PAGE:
NEW YORK (Reuters) - Some U.S. banks are cutting back their dealings with embassies and other foreign institutions in the United States because of the difficulty of complying with money-laundering rules, the Wall Street Journal reported.
Banks have been under pressure to comply with money laundering rules implemented after the September 11 attacks that require them to track the source and purpose of transactions, according to the newspaper.
The U.S. State Department told the Journal that the banks’ actions have affected about 40 countries, of which 16 are African.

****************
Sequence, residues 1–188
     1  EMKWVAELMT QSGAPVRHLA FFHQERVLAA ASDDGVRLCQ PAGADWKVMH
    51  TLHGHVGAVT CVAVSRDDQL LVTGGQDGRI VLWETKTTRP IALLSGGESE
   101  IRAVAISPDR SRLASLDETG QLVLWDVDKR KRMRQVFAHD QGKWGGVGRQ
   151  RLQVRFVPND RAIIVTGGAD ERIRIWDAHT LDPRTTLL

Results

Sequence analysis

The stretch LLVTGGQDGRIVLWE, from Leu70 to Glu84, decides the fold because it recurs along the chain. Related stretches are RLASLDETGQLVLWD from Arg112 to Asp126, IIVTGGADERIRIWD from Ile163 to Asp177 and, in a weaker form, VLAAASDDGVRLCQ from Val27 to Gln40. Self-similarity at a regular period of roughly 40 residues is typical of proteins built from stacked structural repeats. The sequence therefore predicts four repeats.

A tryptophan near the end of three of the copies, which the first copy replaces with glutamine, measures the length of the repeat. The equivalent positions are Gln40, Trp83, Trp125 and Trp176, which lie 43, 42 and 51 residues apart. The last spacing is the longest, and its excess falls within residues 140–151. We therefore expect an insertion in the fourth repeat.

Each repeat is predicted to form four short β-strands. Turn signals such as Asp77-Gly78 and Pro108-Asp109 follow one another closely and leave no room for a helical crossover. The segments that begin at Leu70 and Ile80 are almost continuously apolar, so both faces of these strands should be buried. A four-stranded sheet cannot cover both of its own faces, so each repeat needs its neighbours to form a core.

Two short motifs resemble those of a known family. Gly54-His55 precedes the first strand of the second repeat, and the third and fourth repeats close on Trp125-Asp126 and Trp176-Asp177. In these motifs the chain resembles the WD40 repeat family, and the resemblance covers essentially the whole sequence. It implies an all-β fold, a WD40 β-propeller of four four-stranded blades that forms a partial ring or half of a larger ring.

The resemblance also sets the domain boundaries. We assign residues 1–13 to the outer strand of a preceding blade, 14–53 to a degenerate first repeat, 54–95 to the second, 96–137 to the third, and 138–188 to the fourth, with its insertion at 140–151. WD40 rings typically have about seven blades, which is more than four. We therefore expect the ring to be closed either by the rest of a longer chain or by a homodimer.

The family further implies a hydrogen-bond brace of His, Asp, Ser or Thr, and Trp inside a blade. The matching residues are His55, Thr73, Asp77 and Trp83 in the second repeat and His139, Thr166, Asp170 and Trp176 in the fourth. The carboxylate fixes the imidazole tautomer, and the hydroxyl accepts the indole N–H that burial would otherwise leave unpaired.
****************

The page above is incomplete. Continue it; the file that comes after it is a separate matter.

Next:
JPMorgan Chase & Co (JPM.N) told ambassadors in letters dated September 30 that it is closing its division serving diplomatic and foreign government entities, the newspaper reported.
Officials at JPMorgan, Bank of America, Citi and HSBC were not immediately available to comment.
The State Department has been in contact with the banks involved, a spokesman said in an email, adding “we cannot require them to hold or maintain any account or client.”
“We have already been in contact with some of the affected missions and are examining options for the provision of banking services,” he added in the email.
The State Department also plans to hold a briefing by banking regulators for all chiefs of missions to help them better understand the current regulatory and business environment for U.S. banks, the email said.
Reporting by Elinor Comlay; Editing by Gary Hill